This I Believe

Lindsey - Marietta, Georgia
Entered on December 17, 2007
Age Group: Under 18
Themes: death
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During Thanksgiving, we all sit around the table naming countless things and people we are thankful for. But are we truly thankful? We may say we are, but how can we be sure? I believe that you cannot be genuinely grateful for something until you experience life without it.

We were on our way to the store when my mom got the call. My grandfather, Papa, had been rushed to the hospital because of extreme problems with his kidneys. The doctors did not expect him to live much longer. Only minutes before the call, my sister and I were happily chatting about our upcoming trip to California. After hearing the news I blurted, “Does this mean we can’t go?” My sister disgustedly accused me of being extremely selfish for even thinking about the trip. We all cried. They cried for Papa, while I cried about the canceled trip.

When we reached Papa’s room in the hospital, I realized how fatal his condition was. Machines were attached to every part of his body; I was terrified. Because it was so painful to look at him, I spent most of our trip keeping my distance. About a week after our visit, I got the news that my grandpa was dead. The words hit me hard. I understood everything. It was too late. He was gone forever.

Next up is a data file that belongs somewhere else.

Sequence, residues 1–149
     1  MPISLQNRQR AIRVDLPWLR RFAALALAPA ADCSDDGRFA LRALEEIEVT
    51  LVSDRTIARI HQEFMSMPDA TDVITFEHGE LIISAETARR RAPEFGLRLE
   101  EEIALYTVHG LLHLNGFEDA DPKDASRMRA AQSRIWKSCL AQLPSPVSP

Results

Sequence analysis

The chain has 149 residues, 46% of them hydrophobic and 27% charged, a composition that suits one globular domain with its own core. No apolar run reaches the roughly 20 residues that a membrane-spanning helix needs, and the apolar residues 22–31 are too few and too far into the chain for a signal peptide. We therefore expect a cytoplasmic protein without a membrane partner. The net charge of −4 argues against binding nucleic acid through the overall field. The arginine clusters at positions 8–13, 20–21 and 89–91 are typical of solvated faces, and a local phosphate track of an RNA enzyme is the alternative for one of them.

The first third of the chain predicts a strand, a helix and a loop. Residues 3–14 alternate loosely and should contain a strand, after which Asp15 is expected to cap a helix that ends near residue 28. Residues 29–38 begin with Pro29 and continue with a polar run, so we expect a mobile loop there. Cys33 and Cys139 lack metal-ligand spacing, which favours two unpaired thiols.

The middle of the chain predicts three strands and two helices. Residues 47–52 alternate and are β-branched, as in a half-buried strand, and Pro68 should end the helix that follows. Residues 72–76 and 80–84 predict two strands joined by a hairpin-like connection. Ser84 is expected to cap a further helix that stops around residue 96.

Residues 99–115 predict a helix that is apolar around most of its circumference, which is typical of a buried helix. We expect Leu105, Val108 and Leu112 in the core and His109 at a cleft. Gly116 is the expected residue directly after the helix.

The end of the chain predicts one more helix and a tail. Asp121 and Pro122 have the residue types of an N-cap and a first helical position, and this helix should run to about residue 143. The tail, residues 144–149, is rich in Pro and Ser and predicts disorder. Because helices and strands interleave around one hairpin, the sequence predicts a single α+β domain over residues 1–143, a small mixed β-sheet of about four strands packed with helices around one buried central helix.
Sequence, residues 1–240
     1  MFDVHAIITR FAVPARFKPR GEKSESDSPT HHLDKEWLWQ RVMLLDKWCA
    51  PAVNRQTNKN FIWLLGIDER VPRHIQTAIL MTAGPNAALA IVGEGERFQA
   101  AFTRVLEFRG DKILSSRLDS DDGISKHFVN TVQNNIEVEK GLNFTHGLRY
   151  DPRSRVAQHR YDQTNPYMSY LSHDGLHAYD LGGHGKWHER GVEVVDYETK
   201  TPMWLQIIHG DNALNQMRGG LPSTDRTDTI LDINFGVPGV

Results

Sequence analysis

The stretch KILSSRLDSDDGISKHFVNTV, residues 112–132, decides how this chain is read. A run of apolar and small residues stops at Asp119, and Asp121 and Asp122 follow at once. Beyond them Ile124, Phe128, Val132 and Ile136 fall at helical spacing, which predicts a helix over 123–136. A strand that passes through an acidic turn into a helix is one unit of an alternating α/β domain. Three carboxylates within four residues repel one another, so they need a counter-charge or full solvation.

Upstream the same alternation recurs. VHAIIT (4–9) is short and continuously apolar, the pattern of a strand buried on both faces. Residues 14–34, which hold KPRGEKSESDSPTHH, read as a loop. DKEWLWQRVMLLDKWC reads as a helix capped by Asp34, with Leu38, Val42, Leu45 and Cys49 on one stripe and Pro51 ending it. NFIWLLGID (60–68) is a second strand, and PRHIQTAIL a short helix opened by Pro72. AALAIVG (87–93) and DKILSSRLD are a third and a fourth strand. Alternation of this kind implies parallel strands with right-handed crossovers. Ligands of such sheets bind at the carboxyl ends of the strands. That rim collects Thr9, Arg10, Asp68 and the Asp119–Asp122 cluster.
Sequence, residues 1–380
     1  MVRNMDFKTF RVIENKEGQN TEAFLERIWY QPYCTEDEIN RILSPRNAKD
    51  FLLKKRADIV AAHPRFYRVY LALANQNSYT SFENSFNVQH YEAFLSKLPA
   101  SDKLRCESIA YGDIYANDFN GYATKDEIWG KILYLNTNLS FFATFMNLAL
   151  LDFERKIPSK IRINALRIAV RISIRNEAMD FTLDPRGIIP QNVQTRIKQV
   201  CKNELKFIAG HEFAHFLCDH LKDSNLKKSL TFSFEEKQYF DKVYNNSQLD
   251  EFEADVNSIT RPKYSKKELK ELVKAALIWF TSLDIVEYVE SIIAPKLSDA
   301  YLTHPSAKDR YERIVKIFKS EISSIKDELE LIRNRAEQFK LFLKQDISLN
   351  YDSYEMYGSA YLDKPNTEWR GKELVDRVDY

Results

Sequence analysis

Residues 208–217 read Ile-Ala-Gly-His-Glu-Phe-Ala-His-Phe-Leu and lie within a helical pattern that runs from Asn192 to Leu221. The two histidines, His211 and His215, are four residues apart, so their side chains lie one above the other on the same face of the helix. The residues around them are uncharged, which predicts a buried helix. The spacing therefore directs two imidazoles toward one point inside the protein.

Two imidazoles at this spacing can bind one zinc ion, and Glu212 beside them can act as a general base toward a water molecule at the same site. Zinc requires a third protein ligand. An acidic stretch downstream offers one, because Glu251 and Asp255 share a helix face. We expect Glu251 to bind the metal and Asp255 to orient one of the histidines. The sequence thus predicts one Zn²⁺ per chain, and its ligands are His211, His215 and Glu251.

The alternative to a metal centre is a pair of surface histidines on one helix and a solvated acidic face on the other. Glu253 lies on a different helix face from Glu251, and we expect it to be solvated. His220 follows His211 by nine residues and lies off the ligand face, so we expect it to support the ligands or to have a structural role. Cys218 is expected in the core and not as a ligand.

Over the years, I have analyzed my selfish thoughts from the day the trip was canceled six years ago. As a kid, we don’t realize how much we really need anything because we have never had to live without it. It is too easy to get caught up in the moment and not realize what we are missing out on. It is too easy to take everything for granted because we don’t know any better. And it is too easy to let life slip by without spending enough time with the people we love. Because I was so focused on my vacation, I took my own grandfather for granted when he needed me most. I did not realize how important he was to me until I had lost him forever.